Traditional hip implants are made with ceramic or plastic parts, but metal-on-metal implants were designed with all metal parts intended to be more durable and hold up better over time. However, that proved not to be the case. All-metal hip implants were failing at a higher than expected rate.
Hip implants should last as long as 20 years or more. Many of the metal-on-metal hip implants being investigated in this litigation have been found to fail within as little as five years. Many patients have had to undergo revision surgery to remove and replace their defective metal hip implant. These surgeries are typically more invasive and require longer recovery than initial hip replacement surgery.
Patients who reported problems in the first five years and had revision surgery reported a variety of symptoms, including pain, swelling and problems walking. These symptoms are normal for patients following a hip replacement, but can be a sign that something is wrong if they Continue or come back frequently. These symptoms may indicate serious problems, including:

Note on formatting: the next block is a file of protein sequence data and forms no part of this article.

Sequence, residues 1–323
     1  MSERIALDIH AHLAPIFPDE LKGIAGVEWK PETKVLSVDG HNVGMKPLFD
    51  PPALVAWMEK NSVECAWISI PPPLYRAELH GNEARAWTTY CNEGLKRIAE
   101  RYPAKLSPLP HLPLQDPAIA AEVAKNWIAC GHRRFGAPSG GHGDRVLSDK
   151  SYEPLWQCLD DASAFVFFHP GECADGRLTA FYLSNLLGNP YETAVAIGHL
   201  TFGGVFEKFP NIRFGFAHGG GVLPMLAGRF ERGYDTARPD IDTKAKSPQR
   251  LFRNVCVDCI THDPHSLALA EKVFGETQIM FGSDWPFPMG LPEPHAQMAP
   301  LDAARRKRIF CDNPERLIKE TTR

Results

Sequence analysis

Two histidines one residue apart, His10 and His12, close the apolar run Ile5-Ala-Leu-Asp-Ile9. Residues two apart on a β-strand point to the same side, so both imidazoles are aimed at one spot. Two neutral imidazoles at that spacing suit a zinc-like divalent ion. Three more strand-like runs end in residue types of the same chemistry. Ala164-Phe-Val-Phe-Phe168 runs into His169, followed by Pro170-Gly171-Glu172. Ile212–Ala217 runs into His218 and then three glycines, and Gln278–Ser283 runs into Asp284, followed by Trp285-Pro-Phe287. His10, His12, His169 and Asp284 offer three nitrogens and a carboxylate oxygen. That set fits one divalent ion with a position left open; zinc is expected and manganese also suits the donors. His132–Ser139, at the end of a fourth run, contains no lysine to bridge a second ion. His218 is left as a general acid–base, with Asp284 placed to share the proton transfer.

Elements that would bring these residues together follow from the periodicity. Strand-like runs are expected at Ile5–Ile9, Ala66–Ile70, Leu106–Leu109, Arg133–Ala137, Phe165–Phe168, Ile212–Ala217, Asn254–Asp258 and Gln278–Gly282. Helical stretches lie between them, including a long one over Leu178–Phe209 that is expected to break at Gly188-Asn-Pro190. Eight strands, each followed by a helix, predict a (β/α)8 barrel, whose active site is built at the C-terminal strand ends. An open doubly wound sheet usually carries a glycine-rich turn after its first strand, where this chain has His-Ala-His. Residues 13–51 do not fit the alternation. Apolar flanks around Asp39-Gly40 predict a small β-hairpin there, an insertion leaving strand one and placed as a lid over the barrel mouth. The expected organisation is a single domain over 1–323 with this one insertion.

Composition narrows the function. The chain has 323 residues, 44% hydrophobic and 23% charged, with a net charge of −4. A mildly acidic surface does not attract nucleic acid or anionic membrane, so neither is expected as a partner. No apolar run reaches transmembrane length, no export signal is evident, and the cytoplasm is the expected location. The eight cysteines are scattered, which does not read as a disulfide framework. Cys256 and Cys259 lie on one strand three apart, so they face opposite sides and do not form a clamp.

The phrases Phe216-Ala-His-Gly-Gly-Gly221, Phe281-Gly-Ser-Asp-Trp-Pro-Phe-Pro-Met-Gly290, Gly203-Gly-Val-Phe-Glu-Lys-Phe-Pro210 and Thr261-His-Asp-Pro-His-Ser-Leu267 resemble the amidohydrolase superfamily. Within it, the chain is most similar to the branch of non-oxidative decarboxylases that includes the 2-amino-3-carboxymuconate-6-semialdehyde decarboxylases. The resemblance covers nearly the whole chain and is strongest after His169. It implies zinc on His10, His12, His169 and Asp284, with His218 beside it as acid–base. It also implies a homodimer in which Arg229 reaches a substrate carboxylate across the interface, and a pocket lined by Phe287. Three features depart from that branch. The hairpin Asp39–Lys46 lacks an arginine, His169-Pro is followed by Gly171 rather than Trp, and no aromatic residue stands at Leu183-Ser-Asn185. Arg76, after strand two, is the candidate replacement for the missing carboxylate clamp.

- Loosening — when the implant does not stay attached to the bone in the correct position
- Fracture — where the bone around the implant may have broken
- Dislocation — where the two parts of the implant that move against each other are no longer aligned
It was discovered that as the metal parts of the device rubbed together, bits of metal would fall into the joint space, inflaming and damaging tissue causing the device to fail.
The metal bits were also leeching into the bloodstream causing a type of blood poisoning known as metallosis. Short-term symptoms of metallosis range from fatigue to headaches. No one is sure of the long-term effects though some studies show that metallosis can damage DNA, which can lead to serious health complications including cancer.
Physicians advise people who have undergone hip replacement surgery who have, or think they have, a metal-on-metal implant to contact their orthopedic surgeon even if the joint appears to be functioning well to rule out metallosis.
These defective hip devices are manufactured by various companies, such as Johnson & Johnson and DePuy Orthopedics, among others. Lawsuits have been filed against the manufacturers of these defective hip implants by people who have been injured by the device.